Citrus industry gets some post-hurricane help

After 42 years in the citrus business, Steve Sorrells has seen his share of ups and downs. But lately there's been more downs than ever. 

"They're small and they just don't look like a healthy," complained Sorrells. 

Citrus canker and greening have been crippling his crop for several years.   Then came Hurricane Irma which dealt an even nastier blow. 

"There was fruit blown off the trees, some trees that were blown over," he said. 

After a hurricane passes, farmers say, it can take anywhere from three months or more to learn what damaged their crops.  Right now Sorrells said they've picked half the amount of fruit compared to last year.  He says Irma is to blame. 

"It's then just having to wait and see what you end up with," he continued. 

Some citrus growers estimate they lost 80 to 90 percent of their crop after Hurricane Irma.  Sorrells remains the largest citrus grower in Manatee County with 5,000 acres of groves, but replacing what he lost can dip into profits.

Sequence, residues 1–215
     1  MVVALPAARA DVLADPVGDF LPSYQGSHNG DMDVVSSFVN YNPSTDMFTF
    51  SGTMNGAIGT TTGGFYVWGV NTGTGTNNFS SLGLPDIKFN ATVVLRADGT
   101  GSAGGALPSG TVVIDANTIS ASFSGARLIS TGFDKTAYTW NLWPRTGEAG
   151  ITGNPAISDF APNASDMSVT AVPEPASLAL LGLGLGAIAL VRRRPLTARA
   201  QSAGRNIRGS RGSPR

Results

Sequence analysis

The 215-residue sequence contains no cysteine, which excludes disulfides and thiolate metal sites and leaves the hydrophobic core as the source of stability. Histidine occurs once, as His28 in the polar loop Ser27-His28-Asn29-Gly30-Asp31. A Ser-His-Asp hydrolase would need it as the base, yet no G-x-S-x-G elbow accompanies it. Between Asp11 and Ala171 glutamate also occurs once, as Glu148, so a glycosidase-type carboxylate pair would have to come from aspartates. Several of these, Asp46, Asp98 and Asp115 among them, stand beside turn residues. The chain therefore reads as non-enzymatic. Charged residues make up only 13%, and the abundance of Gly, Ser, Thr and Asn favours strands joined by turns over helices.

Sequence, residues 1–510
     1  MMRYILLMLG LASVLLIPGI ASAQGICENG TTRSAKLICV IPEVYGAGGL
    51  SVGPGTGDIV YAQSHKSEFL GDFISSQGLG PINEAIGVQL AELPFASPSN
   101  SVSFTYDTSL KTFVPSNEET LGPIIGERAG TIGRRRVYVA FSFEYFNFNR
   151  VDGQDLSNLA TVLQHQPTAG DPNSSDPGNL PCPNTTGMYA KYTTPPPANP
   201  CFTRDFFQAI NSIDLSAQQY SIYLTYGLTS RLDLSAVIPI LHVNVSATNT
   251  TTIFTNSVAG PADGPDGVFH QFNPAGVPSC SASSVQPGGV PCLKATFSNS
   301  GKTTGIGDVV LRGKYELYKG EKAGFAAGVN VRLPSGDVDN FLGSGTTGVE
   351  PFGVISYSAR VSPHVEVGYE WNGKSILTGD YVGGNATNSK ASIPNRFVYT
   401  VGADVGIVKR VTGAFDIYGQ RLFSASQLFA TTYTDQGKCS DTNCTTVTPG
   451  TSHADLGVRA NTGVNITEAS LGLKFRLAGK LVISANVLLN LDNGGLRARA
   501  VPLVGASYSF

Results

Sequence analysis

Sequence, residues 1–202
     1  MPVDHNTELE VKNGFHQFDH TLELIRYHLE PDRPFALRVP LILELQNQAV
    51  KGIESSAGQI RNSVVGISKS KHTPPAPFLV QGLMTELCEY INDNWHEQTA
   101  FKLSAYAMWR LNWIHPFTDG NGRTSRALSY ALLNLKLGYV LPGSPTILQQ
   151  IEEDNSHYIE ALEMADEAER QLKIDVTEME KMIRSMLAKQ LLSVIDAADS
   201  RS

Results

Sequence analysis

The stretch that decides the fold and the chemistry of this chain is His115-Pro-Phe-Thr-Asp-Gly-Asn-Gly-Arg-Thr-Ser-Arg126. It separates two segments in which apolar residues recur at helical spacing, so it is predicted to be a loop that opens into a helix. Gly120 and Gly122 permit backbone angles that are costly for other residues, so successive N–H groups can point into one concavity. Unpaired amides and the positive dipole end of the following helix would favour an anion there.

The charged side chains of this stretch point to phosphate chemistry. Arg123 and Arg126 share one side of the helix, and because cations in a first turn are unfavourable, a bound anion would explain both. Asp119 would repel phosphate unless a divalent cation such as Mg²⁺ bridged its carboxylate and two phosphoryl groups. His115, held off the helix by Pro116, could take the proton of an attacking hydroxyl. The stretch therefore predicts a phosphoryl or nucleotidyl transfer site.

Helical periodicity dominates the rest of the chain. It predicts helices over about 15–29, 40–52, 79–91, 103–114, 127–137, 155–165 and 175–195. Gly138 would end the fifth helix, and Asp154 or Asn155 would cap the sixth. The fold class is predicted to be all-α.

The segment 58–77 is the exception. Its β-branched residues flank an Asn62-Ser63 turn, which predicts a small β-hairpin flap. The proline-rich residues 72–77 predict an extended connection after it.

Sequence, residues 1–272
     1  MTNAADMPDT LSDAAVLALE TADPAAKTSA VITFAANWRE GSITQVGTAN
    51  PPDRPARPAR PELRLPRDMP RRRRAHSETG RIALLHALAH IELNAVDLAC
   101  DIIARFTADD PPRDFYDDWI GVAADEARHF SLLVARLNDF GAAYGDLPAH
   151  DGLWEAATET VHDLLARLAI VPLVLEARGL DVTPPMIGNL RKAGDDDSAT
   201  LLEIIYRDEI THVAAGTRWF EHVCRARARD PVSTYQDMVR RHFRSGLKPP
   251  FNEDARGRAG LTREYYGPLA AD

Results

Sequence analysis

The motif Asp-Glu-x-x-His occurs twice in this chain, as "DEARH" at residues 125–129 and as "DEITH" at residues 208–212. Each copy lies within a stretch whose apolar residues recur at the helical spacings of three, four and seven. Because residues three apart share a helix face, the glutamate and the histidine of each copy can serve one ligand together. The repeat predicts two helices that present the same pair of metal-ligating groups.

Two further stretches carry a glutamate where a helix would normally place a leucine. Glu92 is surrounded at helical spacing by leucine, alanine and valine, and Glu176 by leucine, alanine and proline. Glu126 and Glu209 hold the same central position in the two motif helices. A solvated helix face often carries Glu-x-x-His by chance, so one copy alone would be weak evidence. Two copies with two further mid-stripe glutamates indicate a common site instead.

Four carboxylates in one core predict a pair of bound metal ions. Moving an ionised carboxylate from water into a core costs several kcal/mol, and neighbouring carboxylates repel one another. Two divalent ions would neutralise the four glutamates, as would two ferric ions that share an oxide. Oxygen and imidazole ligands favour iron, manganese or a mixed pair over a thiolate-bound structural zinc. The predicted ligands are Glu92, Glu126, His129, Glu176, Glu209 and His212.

"One of our biggest costs and expenses is having to replant and bring our groves back," he explained. 

Congressman Vern Buchanan helped pass the Emergency Citrus Disease Response Act. The bill provides tax incentives to farmers. 

"It’ll be able to add additional capital so they can replant, but many areas of the state have lost all their crop so this will give them incentive to attract money or capital and keep more of what they earn so they can replant,” said Congressman Buchanan. “It's just my number, over a $100-million additional value to this industry.”

That could mean more jobs and eventually more produce for an industry that struggles to hold on. 

"I think it will put out a quality product that will make Florida proud," Sorrells added.